CLINICAL DIABETES
VOL. 18 NO. 3 Summer 2000


COMMENTARY


Preconception Counseling: An Opportunity Not to Be Missed


William H. Herman, MD, MPH, and Denise Charron-Prochownik, RN, PhD


The American Diabetes Association position statement "Preconception Care of Women With Diabetes," reprinted on the following pages, outlines the elements of a preconception care program. The goals of preconception care are to educate and counsel about diabetes and pregnancy; to achieve and maintain excellent glucose control; to identify, evaluate, and treat complications of diabetes and risk factors for adverse maternal and fetal outcomes before pregnancy; and to postpone pregnancy until it is safe and wanted.

During the past decade, clinical trials of preconception care have shown that such care can reduce the incidence of malformations in infants of diabetic mothers from ~9 to 2%, a rate similar to that observed in infants of mothers without diabetes.1 Community trials of preconception care have shown that such care is associated with rates of malformations similar to those observed in clinical trials. Yet it is clear that in community practice in the United States, preconception care is the exception rather than the rule. In California between 1986 and 1988, only 7% of women identified by the California Diabetes and Pregnancy Program sought preconception care.2 In Maine between 1987 and 1990, 34% of eligible women sought preconception care through the Maine Diabetes in Pregnancy Program.3

Three studies have revealed some of the reasons why women with established diabetes may fail to seek preconception care. The first, a recently completed multisite study of teenage women with type 1 diabetes, demonstrated that the majority were unfamiliar with the term preconception counseling and were unaware of their and their infants' risks of perinatal morbidity and mortality. Moreover, the women participated in early and unsafe sexual practices with a high risk for unplanned pregnancies and pregnancy complications.4

The second study assessed psychosocial factors related to family planning behavior in 66 women with type 1 diabetes.5 Twenty-three women became pregnant, but only six of the pregnancies (26%) were planned. Consistent use of birth control was associated with positive attitudes toward birth control, defined as belief in the benefits and advisability of birth control and comfort with the procurement and use of birth control. In addition, social support for birth control, internal locus of control, and greater knowledge of diabetes were all associated with consistent use of birth control. Other important findings of this study were that women with diabetes often mistakenly believed that they would have difficulty conceiving and questioned the advisability of using oral contraceptives and thus were more likely than women without diabetes to choose less effective methods of birth control.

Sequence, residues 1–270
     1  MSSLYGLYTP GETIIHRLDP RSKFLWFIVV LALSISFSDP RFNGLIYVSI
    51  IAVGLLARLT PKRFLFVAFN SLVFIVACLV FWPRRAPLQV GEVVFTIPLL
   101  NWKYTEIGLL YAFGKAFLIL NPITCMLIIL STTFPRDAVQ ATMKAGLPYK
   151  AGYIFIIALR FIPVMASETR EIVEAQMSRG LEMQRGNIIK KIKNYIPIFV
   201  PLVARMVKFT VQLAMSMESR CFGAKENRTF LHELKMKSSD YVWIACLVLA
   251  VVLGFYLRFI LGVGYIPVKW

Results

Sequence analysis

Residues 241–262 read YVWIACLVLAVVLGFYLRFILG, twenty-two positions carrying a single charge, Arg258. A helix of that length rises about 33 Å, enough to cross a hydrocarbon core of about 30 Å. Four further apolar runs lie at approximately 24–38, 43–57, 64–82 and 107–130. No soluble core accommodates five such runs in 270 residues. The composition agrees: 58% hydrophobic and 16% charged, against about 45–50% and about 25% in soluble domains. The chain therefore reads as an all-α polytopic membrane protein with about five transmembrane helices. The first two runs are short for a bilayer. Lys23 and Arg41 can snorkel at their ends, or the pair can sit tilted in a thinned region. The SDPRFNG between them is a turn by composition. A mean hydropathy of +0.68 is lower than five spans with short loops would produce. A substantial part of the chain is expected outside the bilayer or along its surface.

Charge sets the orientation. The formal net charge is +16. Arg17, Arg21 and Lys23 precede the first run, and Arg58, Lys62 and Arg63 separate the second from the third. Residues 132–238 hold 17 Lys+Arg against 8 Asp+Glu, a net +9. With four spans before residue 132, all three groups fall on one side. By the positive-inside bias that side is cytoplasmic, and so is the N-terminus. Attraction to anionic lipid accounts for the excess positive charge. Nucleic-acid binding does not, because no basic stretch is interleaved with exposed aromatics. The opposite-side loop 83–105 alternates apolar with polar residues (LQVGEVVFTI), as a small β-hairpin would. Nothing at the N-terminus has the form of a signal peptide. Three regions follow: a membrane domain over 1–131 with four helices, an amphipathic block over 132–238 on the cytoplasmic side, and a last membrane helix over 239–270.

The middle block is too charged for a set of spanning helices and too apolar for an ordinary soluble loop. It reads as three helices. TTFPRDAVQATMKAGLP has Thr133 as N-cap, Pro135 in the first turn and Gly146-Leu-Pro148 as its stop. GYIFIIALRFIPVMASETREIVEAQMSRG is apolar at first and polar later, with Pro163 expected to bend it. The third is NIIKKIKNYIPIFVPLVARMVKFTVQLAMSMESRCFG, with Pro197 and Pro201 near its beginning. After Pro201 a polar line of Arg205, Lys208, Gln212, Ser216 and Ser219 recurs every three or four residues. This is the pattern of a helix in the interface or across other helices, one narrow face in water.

The third study compared women with established diabetes who were making their first preconception visit and those who were making their first prenatal visit without having received preconception care to identify characteristics that distinguish the groups.6 Women who sought preconception care were more likely to perceive benefits to themselves and their baby. Women who sought preconception care were also more likely to report greater instrumental social support, that is, practical, tangible aid with activities such as diabetes management and getting to medical appointments. Women who sought preconception care and those who did not were equally likely to report having providers for diabetes care and for gynecological care and to report prior pregnancies (and hence, opportunities for counseling regarding the importance of preconception care). Women who sought preconception care were more likely to report that their providers had discussed preconception care with them and had encouraged them to receive it. Women who did not seek preconception care were less confident of becoming pregnant and less likely to report that their pregnancies were planned. In fact, only one in four pregnancies were planned by women who failed to seek preconception care.